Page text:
In the current crisis caused by the Covid 19 virus, many people are being
asked to work from home. As an employer you are still required to look
after the health and safety of your employees when they are working from
home, whether it is a temporary situation or a regular one. As this
situation has arisen very quickly, it is unlikely you will have had a
chance to properly consider any health and safety issues your homeworking
staff may face.
You will need to consider such things as:
How will you keep in touch with them?
What work activity will they be doing?
Can it be done safely?
Do you need to put control measures in place to protect them?
Using IT Equipment
Generally speaking, there is no increased risk from display screen
equipment (DSE) for those working at home temporarily, so there is no
specific requirement to do a DSE assessment on the home ‘workstation’.
However, domestic tables and chairs are often not at the correct height to
work for long periods using a computer, and using a laptop or tablet while
sitting in a lounge chair/settee etc. can create neck and shoulder strain.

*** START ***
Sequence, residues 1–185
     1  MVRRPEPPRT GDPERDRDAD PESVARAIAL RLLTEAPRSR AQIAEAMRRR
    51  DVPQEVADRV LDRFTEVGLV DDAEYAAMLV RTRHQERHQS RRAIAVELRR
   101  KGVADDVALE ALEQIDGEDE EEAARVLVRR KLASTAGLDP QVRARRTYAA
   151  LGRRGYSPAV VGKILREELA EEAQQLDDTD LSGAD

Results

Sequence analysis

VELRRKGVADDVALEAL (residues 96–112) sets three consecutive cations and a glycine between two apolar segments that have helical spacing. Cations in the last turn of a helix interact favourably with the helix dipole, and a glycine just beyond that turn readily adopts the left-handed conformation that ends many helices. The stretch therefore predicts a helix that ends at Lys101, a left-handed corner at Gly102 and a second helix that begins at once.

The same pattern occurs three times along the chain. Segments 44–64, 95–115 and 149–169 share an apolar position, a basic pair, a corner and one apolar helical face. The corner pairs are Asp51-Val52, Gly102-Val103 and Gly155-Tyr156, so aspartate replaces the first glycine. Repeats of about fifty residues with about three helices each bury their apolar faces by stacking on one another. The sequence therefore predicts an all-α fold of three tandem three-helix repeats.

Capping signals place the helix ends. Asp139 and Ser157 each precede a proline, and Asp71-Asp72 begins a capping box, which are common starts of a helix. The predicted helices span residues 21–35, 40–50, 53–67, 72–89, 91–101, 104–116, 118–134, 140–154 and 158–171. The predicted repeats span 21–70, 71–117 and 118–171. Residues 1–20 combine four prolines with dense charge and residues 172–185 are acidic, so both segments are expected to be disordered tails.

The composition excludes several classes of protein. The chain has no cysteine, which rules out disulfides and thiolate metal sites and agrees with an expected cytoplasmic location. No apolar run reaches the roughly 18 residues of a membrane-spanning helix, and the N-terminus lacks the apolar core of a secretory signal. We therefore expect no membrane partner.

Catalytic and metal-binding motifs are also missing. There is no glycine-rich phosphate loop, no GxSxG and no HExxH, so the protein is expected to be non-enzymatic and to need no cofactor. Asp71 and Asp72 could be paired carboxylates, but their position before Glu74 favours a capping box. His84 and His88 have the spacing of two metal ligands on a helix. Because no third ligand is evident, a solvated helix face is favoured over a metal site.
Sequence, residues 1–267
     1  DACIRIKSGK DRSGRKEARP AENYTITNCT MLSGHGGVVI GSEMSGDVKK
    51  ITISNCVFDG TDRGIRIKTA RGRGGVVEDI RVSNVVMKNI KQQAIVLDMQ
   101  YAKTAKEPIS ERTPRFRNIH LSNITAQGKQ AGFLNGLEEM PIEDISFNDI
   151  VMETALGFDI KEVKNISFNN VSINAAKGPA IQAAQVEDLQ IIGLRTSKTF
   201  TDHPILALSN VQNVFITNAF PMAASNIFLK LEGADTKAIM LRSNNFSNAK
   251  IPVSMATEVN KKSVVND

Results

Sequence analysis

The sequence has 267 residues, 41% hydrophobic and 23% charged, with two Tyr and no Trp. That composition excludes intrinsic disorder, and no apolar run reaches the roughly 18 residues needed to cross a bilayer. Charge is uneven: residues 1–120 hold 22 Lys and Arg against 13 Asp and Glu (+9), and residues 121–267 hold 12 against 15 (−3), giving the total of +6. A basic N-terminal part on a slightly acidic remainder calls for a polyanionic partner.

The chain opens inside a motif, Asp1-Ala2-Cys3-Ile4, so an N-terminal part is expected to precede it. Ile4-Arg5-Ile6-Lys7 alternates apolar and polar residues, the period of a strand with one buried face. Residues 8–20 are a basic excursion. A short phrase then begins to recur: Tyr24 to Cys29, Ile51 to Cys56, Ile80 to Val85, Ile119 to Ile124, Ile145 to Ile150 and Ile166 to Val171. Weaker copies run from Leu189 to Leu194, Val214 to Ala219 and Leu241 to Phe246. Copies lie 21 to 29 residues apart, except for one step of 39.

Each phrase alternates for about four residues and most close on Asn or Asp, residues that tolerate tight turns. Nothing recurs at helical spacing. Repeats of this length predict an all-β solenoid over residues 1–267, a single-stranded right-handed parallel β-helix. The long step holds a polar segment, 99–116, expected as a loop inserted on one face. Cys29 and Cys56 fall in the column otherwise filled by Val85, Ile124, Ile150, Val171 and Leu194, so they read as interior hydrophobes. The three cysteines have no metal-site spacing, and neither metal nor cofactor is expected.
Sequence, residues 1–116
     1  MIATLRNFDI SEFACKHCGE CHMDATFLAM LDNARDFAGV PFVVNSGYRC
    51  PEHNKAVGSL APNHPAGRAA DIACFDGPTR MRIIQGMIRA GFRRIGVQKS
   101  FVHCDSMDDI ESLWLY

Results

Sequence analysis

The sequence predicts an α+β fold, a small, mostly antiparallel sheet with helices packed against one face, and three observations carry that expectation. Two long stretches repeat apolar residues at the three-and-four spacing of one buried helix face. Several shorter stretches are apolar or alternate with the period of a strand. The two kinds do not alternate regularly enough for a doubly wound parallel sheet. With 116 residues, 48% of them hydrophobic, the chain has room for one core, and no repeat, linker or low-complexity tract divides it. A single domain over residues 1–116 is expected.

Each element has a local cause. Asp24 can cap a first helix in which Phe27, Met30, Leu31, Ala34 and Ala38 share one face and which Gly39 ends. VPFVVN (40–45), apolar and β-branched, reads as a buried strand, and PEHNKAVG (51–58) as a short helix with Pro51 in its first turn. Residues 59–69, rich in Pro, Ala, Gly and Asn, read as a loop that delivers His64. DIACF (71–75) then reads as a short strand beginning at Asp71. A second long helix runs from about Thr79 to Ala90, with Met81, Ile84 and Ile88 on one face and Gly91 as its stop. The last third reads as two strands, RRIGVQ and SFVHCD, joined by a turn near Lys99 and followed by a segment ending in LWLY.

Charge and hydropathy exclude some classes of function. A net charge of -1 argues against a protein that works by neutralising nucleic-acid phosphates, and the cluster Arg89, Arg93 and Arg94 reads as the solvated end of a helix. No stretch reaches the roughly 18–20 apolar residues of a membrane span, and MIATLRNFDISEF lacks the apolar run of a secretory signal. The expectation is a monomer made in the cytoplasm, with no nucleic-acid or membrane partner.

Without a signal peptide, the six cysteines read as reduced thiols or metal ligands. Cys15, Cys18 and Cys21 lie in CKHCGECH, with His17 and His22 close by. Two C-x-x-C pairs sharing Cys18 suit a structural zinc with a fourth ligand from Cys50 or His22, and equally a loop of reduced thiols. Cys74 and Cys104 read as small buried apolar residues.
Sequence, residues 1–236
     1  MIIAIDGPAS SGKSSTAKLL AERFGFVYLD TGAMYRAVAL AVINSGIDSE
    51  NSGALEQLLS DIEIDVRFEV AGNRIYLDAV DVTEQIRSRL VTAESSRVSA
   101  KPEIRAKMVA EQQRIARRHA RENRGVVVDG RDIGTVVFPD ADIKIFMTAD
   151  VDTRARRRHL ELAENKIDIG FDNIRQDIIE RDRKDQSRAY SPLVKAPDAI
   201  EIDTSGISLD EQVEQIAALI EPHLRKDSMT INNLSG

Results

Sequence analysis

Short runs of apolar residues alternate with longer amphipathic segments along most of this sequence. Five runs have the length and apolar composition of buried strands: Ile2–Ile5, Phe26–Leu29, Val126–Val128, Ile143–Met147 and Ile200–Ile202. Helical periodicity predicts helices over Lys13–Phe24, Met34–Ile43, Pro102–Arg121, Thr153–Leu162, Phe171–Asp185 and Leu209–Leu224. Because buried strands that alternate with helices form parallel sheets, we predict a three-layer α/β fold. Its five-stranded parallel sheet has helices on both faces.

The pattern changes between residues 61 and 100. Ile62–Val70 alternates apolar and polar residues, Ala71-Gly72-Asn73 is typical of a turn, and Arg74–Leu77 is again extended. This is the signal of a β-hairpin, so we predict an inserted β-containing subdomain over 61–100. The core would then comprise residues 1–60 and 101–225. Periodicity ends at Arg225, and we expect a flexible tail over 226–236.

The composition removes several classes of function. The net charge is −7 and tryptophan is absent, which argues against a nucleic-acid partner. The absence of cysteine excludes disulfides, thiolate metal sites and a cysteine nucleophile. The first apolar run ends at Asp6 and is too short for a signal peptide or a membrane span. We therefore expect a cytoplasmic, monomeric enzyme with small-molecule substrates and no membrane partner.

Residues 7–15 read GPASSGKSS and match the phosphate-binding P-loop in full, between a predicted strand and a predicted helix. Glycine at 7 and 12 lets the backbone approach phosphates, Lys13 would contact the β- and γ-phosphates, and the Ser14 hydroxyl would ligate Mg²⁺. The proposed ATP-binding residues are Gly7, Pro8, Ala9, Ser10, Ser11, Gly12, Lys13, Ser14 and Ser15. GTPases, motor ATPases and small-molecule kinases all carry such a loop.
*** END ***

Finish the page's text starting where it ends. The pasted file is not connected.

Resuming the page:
Consider the following:
- Breaking up long spells of DSE work with rest breaks (at least 5
minutes or changes in activity.
Avoiding awkward, static postures by regularly changing position.
Getting up and moving or doing stretching exercises.
Avoiding eye fatigue by changing focus or blinking from time to time.
If it appears staff may need to work from home for an extended period of
time, you should consider allowing staff to take some equipment home. This
may include specialised keyboards or mice or possibly monitor risers and
desk lamps. It may also be necessary to supply the homeworking employee
with cushions to support them or even ergonomic chairs to use at home.
Homeworking and Stress
It is suggested that you should create good lines of communication between
staff members and any central office. There are many video-conferencing
platforms available now, many of which are free to use.
There will always be greater risks for lone workers with no direct
supervision and no one to help them if things go wrong. Home working can
cause work-related stress and affect people’s mental health, as being away
from colleagues can make it difficult to get proper support.
It is important to make sure you keep in touch with your staff working from
home, if contact is poor, staff may feel disconnected, isolated or
abandoned. This can affect their mental health, but will also adversely
affect their ability to work.
Put procedures in place so you can keep in direct contact with home
workers and this should assist you in recognising any signs of stress
as early as possible. It is also important to have an emergency point
of contact and to share this so that people know how to get help if
they need it.
The contents of this Newsletter are for reference purposes only and do not constitute
legal advice. Independent legal advice should be sought in relation to any specific